Ninth Cairo International Women’s Film Festival hosts 60 international movies

Rana Khaled
5 Min Read

Over the past eight years, the Cairo International Women’s Film Festival created a meeting space for female filmmakers from around the globe. In addition to screening a large number of local and international features, documentaries, and animation, the festival shed light on dozens of social, cultural, and political issues from a different perspective.

The festival intends to hold its ninth annual edition from 27 February to 3 March that will organise screenings for 60 Egyptian, Arab, and international movies for amateur and experienced filmmakers from 40 countries worldwide.

“The main objective of the festival is to introduce the Egyptian audience to artistic works of female filmmakers worldwide. We provide audiences with a kind of cinema they would never find anywhere else,” founder and director of the festival Amal Ramsis said.”The movies don’t have to be fully dedicated to feminist issues, however they must have a female director to be accepted in the festival since we want people to try to see the world thorough women’s eyes.”

One of the participating films at the festival  (Public Domain Photo)
One of the participating films at the festival
(Public Domain Photo)

The festival was initially founded by a group of women who work in the cultural management fields but Ramsis is the only one who studied cinema in Spain. “We depend mainly on individual efforts but the Egyptian Ministry of Culture allowed us to use Markaz El-Ebdaa, Al-Falaki theatre, and Goethe Cultural Centre for screening the movies,” she said.

According to the its official website, the festival has organised screenings of films in other countries over the past eight years, including Lebanon, Syria, Jordan, Morocco, Palestine, Spain, Bolivia, Argentina, Cuba, Colombia, Costa Rica, Peru, Mexico, El Salvador, Paraguay, Germany, Nicaragua, Algeria, and Slovenia.

In addition to allowing filmmakers to submit their movies online, the festival also coordinates contact of international festivals to keep track of the best films, and invite their directors to come and share their experience in Egypt. The preparation for the festival takes from five to six months annually.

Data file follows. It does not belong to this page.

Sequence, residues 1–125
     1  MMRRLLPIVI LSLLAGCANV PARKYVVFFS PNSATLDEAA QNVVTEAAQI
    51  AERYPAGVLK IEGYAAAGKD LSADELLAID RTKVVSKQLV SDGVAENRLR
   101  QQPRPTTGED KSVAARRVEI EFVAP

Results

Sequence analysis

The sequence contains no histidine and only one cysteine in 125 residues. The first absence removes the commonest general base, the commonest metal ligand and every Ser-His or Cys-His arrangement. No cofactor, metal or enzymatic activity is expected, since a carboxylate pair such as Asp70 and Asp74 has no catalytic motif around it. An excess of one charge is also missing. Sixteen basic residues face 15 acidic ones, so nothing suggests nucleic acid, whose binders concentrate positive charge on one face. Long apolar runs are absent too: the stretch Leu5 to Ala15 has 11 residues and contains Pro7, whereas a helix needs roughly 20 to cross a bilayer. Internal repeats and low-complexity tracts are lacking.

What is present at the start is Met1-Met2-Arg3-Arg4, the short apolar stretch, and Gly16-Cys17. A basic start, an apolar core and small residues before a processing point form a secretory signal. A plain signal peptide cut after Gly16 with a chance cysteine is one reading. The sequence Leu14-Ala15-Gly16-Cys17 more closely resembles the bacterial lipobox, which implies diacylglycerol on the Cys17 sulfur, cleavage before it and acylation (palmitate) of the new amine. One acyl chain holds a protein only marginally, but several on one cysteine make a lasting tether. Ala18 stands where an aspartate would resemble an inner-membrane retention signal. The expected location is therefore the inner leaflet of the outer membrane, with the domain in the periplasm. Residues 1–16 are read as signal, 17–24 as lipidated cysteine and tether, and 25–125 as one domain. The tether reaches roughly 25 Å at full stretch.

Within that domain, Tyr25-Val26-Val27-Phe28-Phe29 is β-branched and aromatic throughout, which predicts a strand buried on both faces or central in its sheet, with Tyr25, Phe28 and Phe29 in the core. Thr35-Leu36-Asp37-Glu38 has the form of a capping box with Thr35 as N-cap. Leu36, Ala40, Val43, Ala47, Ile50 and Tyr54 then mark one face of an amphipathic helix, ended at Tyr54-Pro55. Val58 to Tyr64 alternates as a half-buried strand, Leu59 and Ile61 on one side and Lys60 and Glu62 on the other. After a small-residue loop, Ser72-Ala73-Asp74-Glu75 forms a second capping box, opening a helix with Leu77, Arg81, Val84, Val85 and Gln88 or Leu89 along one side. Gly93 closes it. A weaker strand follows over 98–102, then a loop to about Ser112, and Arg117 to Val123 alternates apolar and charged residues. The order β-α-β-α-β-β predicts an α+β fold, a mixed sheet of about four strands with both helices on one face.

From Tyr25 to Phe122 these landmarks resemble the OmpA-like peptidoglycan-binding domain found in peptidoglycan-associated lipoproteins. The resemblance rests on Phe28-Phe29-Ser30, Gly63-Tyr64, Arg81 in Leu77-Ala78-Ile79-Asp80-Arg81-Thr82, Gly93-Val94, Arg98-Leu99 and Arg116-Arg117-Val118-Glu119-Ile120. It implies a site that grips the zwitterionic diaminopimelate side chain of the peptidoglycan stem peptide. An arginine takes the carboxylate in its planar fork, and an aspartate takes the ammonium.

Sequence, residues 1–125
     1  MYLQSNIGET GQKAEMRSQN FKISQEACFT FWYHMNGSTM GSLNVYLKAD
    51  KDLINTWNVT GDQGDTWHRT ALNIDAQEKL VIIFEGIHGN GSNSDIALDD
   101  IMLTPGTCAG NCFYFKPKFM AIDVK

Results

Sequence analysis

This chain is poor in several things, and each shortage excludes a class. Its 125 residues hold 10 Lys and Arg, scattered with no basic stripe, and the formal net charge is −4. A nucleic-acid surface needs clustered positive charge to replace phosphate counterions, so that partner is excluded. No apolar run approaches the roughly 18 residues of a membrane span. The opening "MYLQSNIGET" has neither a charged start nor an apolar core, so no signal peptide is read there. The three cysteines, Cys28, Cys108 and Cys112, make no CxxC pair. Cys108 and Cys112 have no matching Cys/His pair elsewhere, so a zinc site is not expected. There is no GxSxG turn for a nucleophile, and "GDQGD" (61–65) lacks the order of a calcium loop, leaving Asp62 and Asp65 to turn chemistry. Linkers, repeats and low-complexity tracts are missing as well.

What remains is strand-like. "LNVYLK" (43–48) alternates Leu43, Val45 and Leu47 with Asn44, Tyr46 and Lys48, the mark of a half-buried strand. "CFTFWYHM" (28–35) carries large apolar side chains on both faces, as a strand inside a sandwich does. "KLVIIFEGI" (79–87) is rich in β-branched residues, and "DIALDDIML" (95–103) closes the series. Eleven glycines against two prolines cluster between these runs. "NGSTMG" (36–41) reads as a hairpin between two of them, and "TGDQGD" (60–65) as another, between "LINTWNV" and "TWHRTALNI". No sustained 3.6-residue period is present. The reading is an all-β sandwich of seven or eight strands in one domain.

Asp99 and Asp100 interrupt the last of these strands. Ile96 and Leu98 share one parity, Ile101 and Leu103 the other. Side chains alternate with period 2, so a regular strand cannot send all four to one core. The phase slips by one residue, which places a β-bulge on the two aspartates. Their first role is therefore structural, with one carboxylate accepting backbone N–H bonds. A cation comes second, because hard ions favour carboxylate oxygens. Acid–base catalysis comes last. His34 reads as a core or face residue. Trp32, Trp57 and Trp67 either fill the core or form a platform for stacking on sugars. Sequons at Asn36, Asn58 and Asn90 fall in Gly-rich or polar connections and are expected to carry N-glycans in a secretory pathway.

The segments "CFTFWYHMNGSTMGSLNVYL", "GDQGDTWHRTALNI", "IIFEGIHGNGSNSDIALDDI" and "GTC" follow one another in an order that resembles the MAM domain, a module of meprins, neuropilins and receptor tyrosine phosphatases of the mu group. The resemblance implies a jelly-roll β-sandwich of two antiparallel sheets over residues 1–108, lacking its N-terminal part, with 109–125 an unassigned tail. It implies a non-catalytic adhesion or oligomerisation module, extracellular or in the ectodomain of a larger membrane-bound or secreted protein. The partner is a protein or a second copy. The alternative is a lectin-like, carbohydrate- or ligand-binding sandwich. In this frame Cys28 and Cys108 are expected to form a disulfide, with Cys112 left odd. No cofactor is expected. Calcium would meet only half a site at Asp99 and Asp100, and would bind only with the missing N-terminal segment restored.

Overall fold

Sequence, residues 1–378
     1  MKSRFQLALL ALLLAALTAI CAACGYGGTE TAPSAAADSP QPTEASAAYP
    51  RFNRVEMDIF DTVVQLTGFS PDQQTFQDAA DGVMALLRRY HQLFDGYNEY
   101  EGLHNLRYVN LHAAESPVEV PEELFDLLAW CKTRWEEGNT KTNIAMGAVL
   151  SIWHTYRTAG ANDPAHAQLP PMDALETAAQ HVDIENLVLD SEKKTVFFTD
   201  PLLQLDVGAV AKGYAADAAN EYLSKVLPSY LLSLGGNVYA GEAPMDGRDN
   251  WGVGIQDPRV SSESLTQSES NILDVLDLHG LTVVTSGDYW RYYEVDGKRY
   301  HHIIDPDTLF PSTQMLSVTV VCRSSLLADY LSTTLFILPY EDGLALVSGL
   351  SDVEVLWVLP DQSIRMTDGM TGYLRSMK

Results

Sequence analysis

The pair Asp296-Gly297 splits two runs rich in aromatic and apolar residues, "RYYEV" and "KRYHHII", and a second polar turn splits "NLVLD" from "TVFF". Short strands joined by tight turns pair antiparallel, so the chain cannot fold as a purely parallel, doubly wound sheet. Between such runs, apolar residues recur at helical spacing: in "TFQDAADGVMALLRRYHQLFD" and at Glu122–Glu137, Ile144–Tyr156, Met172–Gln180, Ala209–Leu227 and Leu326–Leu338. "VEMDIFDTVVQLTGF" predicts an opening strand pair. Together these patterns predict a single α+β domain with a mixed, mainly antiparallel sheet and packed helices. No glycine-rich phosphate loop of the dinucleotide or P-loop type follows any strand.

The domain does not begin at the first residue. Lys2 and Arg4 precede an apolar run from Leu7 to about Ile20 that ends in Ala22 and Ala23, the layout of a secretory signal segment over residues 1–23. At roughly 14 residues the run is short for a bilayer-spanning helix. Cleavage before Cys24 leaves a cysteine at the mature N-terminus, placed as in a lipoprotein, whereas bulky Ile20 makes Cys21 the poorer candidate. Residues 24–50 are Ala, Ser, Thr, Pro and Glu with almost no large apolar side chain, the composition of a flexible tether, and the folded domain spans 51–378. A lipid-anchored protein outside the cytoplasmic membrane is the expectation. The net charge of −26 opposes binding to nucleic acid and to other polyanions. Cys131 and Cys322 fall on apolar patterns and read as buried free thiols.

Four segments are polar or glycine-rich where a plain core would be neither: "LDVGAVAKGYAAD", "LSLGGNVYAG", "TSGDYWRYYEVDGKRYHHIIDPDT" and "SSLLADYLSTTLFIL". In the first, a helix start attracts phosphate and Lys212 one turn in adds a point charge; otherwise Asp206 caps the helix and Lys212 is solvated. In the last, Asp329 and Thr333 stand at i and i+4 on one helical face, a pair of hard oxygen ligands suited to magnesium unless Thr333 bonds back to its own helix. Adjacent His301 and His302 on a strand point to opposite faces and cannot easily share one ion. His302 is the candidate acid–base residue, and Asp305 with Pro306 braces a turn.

“In  the beginning, we didn’t expect to receive large audiences on our screening nights. However we were astonished that people from different social and cultural backgrounds became more attracted to attending the shows and actively participated in the seminars and open discussions held after each show,” Ramsis said.

Therefore the administration decided to let the audience vote for the best movies deserving of awards. “Audiences always surprise us with their good artistic taste . In 2013, an experimental fiction movie won the competition and an Iranian documentary won first prize in 2014. This refutes claims by Egyptian filmmakers who always assume that people prefer watching commercial movies regardless of the quality or the content they present,” she said.

In her opinion, people will always be attracted to a good film. However Egyptian audiences need free of charge screenings for international movies that must also be translated into Arabic to allow people from different educational backgrounds to feel involved. This is what mainly distinguishes the women’s film festival from others.

“The festival attracted men and women from different age groups and this was our main goal. We didn’t want to restrict our shows to an elite audience but we wanted to get out to all people and give them a chance to understand international movies and perceive their various messages,” she said.

Although the festival caught the attention of different media outlets, it still does not receive the same attention directed to governmental festivals. “We managed to establish a good reputation despite being restricted to personal efforts and financial resources. People have been waiting for us to get closer to women’s cinema that opens different international topics other than female genital circumcision (FGM) and domestic violence,” she said.

This year, a new section called “Cinema and Dance” will be introduced to the festival’s schedule. “We also plan to honour the great documentary director Nabeha Lotfy who passed away this year and screen one of her movies for the first time,” Ramsis said.

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